Not Exactly A Love Story by Audrey CouloumbisNot Exactly A Love Story by Audrey Couloumbis

Not Exactly A Love Story

byAudrey Couloumbis

Paperback | July 22, 2014

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“A fifteen-year-old creates an alter ego to woo his dream girl. Compulsively readable.” —The New York Times
This quirky, flirty, and smart story will appeal to fans of Frank Portman’s King Dork, John Green’s An Abundance of Katherines, and Rainbow Rowell’s Eleanor and Park. It’s not exactly a love story . . . but it’s pretty close.
It’s 1977. Fifteen-year-old Vinnie is recovering from the worst case of acne his dermatologist’s ever seen. His girl moved to California without saying good-bye. And the ink on his parents’ divorce papers is barely dry when his mom announces they’re moving from Queens to Long Island. The silver lining? Moving next door to Patsy, everyone’s dream girl. Not that she’d ever notice him. But when Vinnie calls Patsy one night, it leads to a chain of anonymous midnight conversations, and the two develop a surprisingly strong connection despite the lies it’s built on. But as Vinnie gets to know Patsy in real life, it’s clear that both identities can’t survive. . . .

From the Hardcover edition.
AUDREY COULOUMBIS's first book for children, Getting Near to Baby, won the Newbery Honor in 2000.
Title:Not Exactly A Love StoryFormat:PaperbackDimensions:288 pages, 8.25 × 5.44 × 0.62 inPublished:July 22, 2014Publisher:Random House Children's BooksLanguage:English

The following ISBNs are associated with this title:

ISBN - 10:037586606X

ISBN - 13:9780375866067


Rated 3 out of 5 by from Not Exactly a Love Story by Audrey Couloumbis Despite not ever having heard anything about Couloumbis or Not Exactly a Love Story, I was intrigued. I mean, how many YA books do you hear about set in the 1970s? That's just not a popular era for historical fiction yet. At first, I wasn't too sure whether this was going to be something I would enjoy. Couloumbis tackles the subject of divorce. Vinnie, through the course of the novel, works through his emotions about the separation of his parents. He comes to realize, in a very realistic plot arc, that just because he loves both his parents that they don't necessarily make each other happy anymore. I love that he has not just two present parents, but three, as Mr. B totally steps up. Of course, all of the parents make mistakes, but they're just so obviously a loving family. Couloumbis won me over to her odd, unique, surprisingly sweet story.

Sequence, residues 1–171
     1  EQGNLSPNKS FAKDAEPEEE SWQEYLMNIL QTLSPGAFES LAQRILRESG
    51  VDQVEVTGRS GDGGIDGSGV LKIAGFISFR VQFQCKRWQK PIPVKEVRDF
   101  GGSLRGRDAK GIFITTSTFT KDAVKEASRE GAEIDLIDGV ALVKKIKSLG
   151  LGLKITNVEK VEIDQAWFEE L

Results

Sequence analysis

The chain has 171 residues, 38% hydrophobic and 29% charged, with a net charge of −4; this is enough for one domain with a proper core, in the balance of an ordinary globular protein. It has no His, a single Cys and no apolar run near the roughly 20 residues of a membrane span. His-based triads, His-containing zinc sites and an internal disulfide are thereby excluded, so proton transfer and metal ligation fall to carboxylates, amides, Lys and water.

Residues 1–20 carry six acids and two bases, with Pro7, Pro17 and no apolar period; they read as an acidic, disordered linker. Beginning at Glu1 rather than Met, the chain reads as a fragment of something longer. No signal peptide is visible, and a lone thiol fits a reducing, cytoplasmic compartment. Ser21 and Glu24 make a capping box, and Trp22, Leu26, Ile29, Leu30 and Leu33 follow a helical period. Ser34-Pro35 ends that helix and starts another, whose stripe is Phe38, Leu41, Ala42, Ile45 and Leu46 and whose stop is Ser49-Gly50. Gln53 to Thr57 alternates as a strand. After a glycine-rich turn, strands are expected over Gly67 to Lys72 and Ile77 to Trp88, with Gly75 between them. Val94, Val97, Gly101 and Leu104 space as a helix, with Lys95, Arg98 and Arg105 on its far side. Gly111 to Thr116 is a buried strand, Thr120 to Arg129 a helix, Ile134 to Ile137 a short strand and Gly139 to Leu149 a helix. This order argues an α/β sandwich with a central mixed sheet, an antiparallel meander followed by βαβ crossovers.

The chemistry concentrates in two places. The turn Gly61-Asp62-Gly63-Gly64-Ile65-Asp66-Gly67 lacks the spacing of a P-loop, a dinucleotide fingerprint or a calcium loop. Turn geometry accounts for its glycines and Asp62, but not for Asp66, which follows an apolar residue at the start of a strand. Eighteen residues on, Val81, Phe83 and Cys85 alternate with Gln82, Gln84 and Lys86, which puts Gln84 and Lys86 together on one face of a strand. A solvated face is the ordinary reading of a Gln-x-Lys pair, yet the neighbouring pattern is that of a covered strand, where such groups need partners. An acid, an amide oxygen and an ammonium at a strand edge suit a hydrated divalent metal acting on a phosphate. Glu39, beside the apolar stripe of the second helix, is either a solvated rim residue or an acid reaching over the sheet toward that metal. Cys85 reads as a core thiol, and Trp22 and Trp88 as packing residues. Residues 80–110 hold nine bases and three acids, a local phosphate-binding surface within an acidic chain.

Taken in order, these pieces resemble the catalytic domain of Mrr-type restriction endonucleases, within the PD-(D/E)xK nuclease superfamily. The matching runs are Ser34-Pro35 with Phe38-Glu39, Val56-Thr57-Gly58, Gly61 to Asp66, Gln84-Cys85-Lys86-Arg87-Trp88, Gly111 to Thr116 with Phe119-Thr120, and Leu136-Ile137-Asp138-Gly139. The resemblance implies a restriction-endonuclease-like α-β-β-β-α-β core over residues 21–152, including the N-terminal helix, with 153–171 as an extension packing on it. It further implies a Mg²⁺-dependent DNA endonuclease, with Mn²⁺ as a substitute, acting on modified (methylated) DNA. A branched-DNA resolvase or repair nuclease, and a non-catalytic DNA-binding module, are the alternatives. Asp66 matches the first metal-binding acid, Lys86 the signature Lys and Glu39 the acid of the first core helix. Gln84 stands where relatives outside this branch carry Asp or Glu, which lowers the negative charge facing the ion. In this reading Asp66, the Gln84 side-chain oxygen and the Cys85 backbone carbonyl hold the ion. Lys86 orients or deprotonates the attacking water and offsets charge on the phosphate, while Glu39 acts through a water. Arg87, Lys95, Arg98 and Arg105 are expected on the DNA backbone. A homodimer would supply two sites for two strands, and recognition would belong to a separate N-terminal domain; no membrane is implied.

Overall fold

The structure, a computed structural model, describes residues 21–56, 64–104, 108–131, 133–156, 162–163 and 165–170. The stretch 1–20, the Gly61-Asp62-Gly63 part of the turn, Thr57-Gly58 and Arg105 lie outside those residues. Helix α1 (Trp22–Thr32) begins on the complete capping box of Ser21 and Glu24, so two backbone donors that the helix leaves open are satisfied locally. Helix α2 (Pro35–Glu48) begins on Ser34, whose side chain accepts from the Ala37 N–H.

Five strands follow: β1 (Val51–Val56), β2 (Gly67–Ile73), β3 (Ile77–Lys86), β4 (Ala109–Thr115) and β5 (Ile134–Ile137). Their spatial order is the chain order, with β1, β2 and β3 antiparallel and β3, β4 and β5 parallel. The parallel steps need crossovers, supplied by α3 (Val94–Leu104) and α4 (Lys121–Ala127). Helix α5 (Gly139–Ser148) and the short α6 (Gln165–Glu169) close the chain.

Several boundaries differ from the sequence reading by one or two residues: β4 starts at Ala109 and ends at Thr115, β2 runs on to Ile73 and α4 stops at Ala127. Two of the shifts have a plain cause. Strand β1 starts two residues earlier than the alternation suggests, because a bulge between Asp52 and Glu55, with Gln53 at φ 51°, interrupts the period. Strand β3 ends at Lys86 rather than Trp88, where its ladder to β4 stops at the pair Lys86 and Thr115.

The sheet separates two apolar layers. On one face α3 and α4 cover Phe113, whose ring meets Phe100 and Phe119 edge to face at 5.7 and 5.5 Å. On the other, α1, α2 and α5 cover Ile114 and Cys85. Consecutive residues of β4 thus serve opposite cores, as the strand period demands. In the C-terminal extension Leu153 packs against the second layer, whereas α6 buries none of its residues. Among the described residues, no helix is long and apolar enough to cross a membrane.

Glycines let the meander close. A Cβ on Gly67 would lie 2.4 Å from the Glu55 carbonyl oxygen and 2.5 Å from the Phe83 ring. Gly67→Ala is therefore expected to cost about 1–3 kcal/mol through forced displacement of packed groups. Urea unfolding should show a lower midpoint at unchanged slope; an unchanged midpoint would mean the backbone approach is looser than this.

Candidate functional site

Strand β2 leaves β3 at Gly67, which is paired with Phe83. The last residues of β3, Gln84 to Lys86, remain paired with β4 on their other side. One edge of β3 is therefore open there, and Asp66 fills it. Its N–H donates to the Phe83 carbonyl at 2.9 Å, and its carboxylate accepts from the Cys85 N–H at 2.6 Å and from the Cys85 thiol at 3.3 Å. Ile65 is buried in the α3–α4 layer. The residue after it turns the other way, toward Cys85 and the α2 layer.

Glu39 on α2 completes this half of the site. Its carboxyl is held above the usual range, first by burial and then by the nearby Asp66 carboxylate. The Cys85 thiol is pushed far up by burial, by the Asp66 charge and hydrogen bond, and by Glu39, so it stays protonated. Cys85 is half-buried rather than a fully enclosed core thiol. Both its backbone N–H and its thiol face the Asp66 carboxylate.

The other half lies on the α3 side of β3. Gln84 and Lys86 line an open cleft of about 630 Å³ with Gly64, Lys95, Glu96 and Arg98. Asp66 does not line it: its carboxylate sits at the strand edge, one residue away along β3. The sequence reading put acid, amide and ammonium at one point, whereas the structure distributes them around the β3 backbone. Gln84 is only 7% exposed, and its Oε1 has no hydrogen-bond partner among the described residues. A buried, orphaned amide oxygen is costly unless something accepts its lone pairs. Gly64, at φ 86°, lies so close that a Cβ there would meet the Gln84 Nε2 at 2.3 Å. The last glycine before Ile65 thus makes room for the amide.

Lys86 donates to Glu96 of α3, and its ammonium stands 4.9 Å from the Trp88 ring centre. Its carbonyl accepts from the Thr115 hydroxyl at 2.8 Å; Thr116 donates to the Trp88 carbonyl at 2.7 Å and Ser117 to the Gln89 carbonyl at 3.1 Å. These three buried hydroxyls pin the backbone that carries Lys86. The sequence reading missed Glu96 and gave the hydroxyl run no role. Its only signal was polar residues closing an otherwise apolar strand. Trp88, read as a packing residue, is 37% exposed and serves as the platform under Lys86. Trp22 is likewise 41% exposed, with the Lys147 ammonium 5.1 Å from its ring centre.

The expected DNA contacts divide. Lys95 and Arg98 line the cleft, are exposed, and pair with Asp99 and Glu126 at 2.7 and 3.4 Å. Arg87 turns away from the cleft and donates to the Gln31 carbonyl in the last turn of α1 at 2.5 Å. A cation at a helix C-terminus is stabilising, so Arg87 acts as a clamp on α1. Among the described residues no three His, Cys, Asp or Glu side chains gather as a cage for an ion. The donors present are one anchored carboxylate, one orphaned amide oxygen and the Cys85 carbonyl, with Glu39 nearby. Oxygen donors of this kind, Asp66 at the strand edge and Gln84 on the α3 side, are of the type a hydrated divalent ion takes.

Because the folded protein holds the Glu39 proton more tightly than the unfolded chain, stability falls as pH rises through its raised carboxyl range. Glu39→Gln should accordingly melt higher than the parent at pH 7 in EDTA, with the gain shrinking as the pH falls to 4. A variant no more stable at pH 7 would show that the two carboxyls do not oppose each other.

Date published: 2017-10-08
Rated 4 out of 5 by from Cute story with great voice narration I listened to this audiobook while commuting to my job and while working. It was a cute story without any complication. Vinnie is a typical underdog who underestimates his abilities, athletic, smarts, and popularity potential. Patsy is your typical popular girl, who use to be an outcast. I could related to both these characters - despite having nothing in common with Patsy. There were times that I found Vinnie to be fake and unlikeable - I think that had something to do with the personas he was trying to keep up for Patsy, both as himself and as Vincenzo. But overall I really liked how he was written and how he developed throughout the story. I love how Patsy developed throughout the story - she turned into a real person not just a typical, stereotypical blonde popular high school girl. The story as a whole was cute and well written. I found the events believable. The only problem I found was that I didn't even realize that this was written in a specific time period (the 70s). Obviously it wasn't in present time because they weren't using cellphones but actual landline phones. This is nothing against the story exactly, but I was surprised to read that it was based in 1977 when starting this review (I had read the description ages ago). Overall, this was a nice easy read (or I guess listen for me). I actually put aside another book I was reading in order to finish this one - listening to it on my lunch instead of reading the physical book I had brought with me. I would recommend this as a summer read or if you just want something cute with an underdog story. I have a soft spot for the underdogs and despite the fake feeling I had every once and a while with Vinnie, I couldn't help but root for him. I guess I should mention that the voice narration was great. The narrator had a believable voice for Vinnie and he did a great job doing the voices for the rest of the characters too - including the Italian New York accent!
Date published: 2014-06-26

Editorial Reviews

Starred Review, Kirkus Reviews, November 1, 2012:
“Not exactly a perfect story. But it comes pretty close.”